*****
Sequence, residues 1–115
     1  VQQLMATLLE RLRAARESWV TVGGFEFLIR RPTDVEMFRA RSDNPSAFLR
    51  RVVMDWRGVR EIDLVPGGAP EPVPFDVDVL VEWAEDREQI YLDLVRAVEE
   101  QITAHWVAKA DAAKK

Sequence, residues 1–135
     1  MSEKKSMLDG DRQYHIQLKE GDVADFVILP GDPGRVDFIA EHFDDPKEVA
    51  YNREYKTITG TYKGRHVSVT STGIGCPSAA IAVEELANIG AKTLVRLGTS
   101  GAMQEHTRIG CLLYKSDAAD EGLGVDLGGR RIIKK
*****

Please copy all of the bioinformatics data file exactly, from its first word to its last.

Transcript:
Sequence, residues 1–115
     1  VQQLMATLLE RLRAARESWV TVGGFEFLIR RPTDVEMFRA RSDNPSAFLR
    51  RVVMDWRGVR EIDLVPGGAP EPVPFDVDVL VEWAEDREQI YLDLVRAVEE
   101  QITAHWVAKA DAAKK

Sequence, residues 1–135
     1  MSEKKSMLDG DRQYHIQLKE GDVADFVILP GDPGRVDFIA EHFDDPKEVA
    51  YNREYKTITG TYKGRHVSVT STGIGCPSAA IAVEELANIG AKTLVRLGTS
   101  GAMQEHTRIG CLLYKSDAAD EGLGVDLGGR RIIKK